Radiology Quiz Case 2: Diagnosis

Archives of Otolaryngology - Head & Neck Surgery , Volume 138 (5) – May 1, 2012

Radiology Quiz Case 2: Diagnosis

Abstract

Diagnosis: Pyriform sinus fistula The patient underwent a fistulectomy. During the operation, the thyroid-cricoid joint was dislocated, a fistula opening was noted at the inner aspect of the thyroid cartilage, and a tract going into pyriform sinus was seen and ligated (Figure 3). Some sclerotic thyroid tissue of the left superior pole due to previous inflammation was also removed. The pathologic findings showed a sinus tract lined with squamous epithelium (Figure 4). View LargeDownload Figure...
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Publisher
American Medical Association
Copyright
Copyright © 2012 American Medical Association. All Rights Reserved.
ISSN
0886-4470
eISSN
1538-361X
DOI
10.1001/archoto.2012.445b
Publisher site
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Abstract

Diagnosis: Pyriform sinus fistula The patient underwent a fistulectomy. During the operation, the thyroid-cricoid joint was dislocated, a fistula opening was noted at the inner aspect of the thyroid cartilage, and a tract going into pyriform sinus was seen and ligated (Figure 3). Some sclerotic thyroid tissue of the left superior pole due to previous inflammation was also removed. The pathologic findings showed a sinus tract lined with squamous epithelium (Figure 4). View LargeDownload Figure 3. View LargeDownload Figure 4. Branchial cleft anomalies are the second most common congenital head and neck lesions found in children and young adults. There are 4 well-defined pairs of branchial arches by the end of the fourth week of gestation. The first branchial cleft develops into the external auditory canal. The second, third, and fourth branchial clefts merge and become involuted. Failure of the branchial apparatus to obliterate results in vestigial structures in the head and neck area. Among them, the second branchial cleft accounts for 95% of branchial anomalies, and fourth branchial cleft cysts are extremely rare. The fourth pouch will become the superior parathyroid gland and the ultimobranchial body. On the right side, it loops around the subclavian artery, ascends to the level of the hypoglossal nerve, descends along the anterior border of the sternocleidomastoid muscle, and enters the pharynx at the level of the pyriform apex. On the left, the tract loops over the anterior aortic arch and completes a course similar to that described on the right, whereas tracts of third arch anomalies enter the thyroid membrane above the internal branch of the superior laryngeal nerve and then the pharynx at the pyriform sinus.1 Therefore, the sinus tract in relation to the apex of the pyriform sinus is likely to be of fourth branchial pouch origin, as in the present case. Most of the cases of fourth branchial cleft anomalies present with acute thyroiditis or a recurrent lateral neck abscess.2 Acute suppurative thyroiditis is the less common form of the inflammatory disorders of the gland. The presence of abundant blood supply and a thick fibrous capsule make it inherently resistant to infection.3 Therefore, the finding of acute thyroiditis, particularly recurrent, should raise the suspicion of an underlying pyriform fossa sinus. In conclusion, a pyriform sinus fistula, especially the fourth one, is uncommon. A patient who presents with a recurrent anterior neck abscess should undergo thorough clinical and radiologic assessment to rule out the possibility of a congenital fistula or sinus. Various imaging modalities, such as ultrasonography, computed tomography, barium esophagography, and direct laryngoscopy, may be used alone or in combination to aid clinical diagnosis.4 The sensitivity of barium esophagography was only 50% in some series, most likely because of occlusion of the tract opening due to inflammation and tissue compression.5 Early diagnosis and excision of the tract are necessary to prevent recurrent neck infections in such cases. Return to Quiz Case. References 1. Waldhausen JH. Branchial cleft and arch anomalies in children. Semin Pediatr Surg. 2006;15(2):64-6916616308PubMedGoogle ScholarCrossref 2. Garrel R, Jouzdani E, Gardiner Q, et al. Fourth branchial pouch sinus: from diagnosis to treatment. Otolaryngol Head Neck Surg. 2006;134(1):157-16316399198PubMedGoogle ScholarCrossref 3. Tovi F, Gatot A, Bar-Ziv J, Yanay I. Recurrent suppurative thyroiditis due to fourth branchial pouch sinus. Int J Pediatr Otorhinolaryngol. 1985;9(1):89-964030234PubMedGoogle ScholarCrossref 4. Mukerji SS, Parmar H, Ibrahim M, Bradford C. An unusual cause of recurrent pediatric neck abscess: pyriform sinus fistula. Clin Imaging. 2007;31(5):349-35117825745PubMedGoogle ScholarCrossref 5. Neff L, Kirse D, Pranikoff T. An unusual presentation of a fourth pharyngeal arch (branchial cleft) sinus. J Pediatr Surg. 2009;44(3):626-62919302871PubMedGoogle ScholarCrossref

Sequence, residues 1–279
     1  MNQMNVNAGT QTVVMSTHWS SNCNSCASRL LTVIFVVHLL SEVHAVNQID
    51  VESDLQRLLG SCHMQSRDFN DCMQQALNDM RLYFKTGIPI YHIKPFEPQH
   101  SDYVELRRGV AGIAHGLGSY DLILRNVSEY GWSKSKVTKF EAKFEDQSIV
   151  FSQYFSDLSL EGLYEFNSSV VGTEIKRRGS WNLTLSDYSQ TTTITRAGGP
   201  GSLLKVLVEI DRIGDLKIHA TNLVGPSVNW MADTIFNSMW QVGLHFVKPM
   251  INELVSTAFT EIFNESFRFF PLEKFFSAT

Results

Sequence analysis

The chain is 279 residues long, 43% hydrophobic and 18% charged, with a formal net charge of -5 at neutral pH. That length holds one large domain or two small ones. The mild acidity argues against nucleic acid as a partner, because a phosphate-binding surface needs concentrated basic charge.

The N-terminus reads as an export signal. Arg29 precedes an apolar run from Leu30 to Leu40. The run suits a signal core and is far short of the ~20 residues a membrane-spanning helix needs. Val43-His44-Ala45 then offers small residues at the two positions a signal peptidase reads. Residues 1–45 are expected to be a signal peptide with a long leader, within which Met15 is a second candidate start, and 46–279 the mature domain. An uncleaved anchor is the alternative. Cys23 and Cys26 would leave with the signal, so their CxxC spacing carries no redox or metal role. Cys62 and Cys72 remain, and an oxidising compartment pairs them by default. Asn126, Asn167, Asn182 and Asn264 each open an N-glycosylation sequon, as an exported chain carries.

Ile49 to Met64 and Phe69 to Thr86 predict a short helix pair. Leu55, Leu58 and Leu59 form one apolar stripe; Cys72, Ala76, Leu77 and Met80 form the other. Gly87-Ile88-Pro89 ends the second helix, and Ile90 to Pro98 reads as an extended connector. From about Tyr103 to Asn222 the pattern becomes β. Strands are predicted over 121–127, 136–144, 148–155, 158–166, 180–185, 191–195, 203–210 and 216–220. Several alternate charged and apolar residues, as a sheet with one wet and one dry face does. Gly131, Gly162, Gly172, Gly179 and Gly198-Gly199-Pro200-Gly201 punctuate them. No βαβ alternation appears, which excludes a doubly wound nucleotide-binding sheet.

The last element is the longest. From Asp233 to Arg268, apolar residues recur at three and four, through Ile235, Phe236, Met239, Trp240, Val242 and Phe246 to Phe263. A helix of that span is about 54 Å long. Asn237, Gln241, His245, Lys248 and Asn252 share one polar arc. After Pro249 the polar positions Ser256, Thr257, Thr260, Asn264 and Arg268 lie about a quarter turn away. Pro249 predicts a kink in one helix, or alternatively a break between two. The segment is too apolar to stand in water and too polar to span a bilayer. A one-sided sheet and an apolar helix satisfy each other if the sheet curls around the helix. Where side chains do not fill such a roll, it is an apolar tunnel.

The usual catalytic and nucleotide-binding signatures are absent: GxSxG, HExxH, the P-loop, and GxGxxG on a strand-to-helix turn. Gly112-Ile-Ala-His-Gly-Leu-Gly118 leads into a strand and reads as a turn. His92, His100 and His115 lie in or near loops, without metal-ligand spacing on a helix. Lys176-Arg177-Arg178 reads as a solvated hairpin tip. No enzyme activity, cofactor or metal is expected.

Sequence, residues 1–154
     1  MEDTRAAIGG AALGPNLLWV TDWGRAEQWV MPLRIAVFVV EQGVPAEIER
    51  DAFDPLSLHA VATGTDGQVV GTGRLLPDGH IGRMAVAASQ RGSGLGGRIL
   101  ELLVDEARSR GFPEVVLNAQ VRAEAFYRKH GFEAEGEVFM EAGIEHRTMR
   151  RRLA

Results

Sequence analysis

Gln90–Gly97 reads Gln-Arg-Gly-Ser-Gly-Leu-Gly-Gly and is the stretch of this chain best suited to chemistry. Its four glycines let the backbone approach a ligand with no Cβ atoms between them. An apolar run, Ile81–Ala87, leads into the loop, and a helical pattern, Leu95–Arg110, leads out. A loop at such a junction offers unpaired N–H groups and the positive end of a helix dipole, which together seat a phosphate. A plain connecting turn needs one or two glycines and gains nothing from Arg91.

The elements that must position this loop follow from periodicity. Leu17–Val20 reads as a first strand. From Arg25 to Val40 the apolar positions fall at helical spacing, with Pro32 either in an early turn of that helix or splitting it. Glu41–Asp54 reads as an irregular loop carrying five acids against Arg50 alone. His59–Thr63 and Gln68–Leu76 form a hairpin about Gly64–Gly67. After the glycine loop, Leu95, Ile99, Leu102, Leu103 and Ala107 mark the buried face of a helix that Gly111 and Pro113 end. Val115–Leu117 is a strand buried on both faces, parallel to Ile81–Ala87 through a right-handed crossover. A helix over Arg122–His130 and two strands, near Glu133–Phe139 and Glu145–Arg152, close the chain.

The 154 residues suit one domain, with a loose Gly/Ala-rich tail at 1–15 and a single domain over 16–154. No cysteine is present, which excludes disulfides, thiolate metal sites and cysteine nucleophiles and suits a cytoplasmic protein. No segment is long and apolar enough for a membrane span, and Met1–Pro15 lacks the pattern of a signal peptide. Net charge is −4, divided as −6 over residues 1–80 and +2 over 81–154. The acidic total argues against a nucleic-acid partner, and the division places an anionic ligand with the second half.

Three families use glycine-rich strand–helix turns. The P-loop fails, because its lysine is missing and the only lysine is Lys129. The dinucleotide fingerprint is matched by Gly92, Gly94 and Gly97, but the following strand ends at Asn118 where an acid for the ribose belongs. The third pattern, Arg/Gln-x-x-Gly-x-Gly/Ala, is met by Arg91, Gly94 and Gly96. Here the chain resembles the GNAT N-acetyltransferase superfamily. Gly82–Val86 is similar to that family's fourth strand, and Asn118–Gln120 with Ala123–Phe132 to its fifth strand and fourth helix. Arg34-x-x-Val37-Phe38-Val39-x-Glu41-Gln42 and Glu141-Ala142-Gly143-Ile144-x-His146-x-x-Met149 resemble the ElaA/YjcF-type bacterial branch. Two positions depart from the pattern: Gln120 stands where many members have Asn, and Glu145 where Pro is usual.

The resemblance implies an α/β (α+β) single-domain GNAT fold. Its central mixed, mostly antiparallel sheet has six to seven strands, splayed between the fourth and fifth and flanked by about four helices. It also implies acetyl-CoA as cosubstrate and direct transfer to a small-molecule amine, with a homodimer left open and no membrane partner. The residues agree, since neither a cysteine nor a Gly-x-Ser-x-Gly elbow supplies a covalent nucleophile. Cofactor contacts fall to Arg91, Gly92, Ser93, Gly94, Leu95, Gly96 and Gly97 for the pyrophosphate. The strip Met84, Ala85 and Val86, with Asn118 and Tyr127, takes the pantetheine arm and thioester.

Journal

Archives of Otolaryngology - Head & Neck SurgeryAmerican Medical Association

Published: May 1, 2012

Keywords: radiology specialty

References